Since the March session, Israeli forces have killed 124 Palestinians in demonstrations in Gaza and wounded more than 4,000 with live ammunition. Senior Israeli officials apparently approved orders to fire on demonstrators who posed no imminent threat to life, acts that may amount to war crimes. The Commission of Inquiry established by this body should identify those officials who sanctioned open fire regulations that violate international norms.

The Palestinian Authority and Hamas both violently dispersed peaceful demonstrations in recent weeks and continue to arbitrarily arrest critics and mistreat those in detention.

As Israeli authorities approved thousands of new housing units in Jewish settlements in the West Bank, the Israeli Supreme Court in May approved the government’s plan to demolish Khan Al-Ahmar Ab al-Hilu, a Palestinian village of 180 people east of Jerusalem, including its school, which educates 160 children from five surrounding villages, to facilitate settlement expansion. The transfer of civilians into occupied territory and forcible transfer of protected people in the occupied territory are war crimes.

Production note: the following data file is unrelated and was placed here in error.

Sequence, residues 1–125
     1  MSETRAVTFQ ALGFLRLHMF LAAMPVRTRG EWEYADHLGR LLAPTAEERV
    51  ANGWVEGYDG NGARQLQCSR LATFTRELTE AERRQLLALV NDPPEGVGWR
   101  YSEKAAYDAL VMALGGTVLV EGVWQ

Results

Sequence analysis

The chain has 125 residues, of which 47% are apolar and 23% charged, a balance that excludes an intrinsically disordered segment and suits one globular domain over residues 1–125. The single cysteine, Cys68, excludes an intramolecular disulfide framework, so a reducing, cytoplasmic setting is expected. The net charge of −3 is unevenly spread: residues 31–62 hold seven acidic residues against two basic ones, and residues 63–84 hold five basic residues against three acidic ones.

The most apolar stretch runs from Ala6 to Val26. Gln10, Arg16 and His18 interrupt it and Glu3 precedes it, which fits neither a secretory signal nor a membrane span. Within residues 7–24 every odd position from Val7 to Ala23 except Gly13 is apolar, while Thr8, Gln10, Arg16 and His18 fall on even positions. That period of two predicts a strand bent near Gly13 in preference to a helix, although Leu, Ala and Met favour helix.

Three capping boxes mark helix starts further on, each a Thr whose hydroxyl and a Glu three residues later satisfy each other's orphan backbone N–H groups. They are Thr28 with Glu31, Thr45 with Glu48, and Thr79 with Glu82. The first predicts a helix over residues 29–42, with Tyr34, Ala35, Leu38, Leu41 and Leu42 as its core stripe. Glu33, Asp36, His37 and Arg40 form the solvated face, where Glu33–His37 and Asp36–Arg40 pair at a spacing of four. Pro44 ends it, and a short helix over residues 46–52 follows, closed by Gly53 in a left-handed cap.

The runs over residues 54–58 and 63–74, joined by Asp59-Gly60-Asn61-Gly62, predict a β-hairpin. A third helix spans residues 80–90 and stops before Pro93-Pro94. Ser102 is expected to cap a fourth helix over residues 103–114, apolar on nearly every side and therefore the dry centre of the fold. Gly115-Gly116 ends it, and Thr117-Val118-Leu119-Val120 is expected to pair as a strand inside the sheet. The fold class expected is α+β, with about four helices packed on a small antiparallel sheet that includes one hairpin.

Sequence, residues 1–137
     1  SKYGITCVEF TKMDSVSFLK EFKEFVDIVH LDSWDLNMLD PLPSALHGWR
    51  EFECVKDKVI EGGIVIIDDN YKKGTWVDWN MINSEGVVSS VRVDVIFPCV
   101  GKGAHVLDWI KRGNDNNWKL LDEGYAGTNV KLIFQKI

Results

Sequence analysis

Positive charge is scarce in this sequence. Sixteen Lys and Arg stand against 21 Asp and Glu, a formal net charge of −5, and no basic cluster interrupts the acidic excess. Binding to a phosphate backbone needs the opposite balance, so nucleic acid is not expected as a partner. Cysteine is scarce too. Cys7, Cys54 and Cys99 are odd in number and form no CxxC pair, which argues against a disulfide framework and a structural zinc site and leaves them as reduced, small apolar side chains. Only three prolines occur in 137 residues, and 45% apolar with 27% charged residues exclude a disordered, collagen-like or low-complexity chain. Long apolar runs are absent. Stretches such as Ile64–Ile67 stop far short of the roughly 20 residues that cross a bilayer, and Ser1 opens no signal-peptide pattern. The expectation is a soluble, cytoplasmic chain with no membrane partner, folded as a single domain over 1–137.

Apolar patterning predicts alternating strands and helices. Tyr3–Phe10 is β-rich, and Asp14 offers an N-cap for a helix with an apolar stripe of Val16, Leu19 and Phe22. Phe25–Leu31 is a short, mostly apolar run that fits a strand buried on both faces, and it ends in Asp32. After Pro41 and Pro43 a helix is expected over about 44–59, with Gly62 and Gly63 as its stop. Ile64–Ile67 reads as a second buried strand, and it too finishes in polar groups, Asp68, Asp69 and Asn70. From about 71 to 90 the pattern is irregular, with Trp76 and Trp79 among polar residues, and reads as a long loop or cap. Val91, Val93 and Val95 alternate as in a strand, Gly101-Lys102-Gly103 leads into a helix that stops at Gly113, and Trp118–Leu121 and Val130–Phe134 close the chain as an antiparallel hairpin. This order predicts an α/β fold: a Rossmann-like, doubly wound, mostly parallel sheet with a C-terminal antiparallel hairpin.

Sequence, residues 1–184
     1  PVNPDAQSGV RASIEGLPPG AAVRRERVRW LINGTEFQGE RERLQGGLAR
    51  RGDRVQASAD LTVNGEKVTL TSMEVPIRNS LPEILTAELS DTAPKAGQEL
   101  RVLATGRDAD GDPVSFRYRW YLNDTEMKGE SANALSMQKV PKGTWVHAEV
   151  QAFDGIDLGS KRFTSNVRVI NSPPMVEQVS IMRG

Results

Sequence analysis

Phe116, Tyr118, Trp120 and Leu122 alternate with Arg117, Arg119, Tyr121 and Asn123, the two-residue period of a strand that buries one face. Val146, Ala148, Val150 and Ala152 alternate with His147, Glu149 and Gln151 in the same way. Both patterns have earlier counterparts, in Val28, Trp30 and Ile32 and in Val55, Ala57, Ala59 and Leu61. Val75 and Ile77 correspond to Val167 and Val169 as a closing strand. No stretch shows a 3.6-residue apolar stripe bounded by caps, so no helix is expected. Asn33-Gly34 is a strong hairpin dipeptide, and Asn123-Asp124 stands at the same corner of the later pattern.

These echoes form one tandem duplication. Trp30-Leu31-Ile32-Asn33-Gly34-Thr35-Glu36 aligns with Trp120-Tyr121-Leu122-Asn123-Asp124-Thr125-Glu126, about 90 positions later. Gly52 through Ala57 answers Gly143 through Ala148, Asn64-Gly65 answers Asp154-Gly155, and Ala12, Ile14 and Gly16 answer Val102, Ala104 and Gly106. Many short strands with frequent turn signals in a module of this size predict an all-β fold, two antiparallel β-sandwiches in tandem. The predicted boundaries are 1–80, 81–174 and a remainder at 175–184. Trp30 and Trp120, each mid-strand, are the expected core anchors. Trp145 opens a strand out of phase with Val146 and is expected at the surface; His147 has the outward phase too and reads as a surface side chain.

We welcome the High Commissioner’s opening statement that his office will continue its work on the database of businesses operating in settlements, and publish an update, possibly before September. Businesses cannot operate in or with settlements without contributing to serious abuses.

Meanwhile, Israeli authorities continue to narrow the space for Palestinian, Israeli and international rights defenders. In May, Israel revoked the work permit for Human Rights Watch’s Israel and Palestine director and ordered him to leave the country. He challenged the order which is currently under review in the Israeli courts. This body should continue to raise concern about these growing restrictions.

We deplore the fact that Israel refused to participate in the adoption of its UPR report last week. This is but the latest example of a history of non-cooperation, illustrating that Israel is unwilling to submit to international scrutiny of its human rights record, irrespective of the Council agenda item under which this takes place.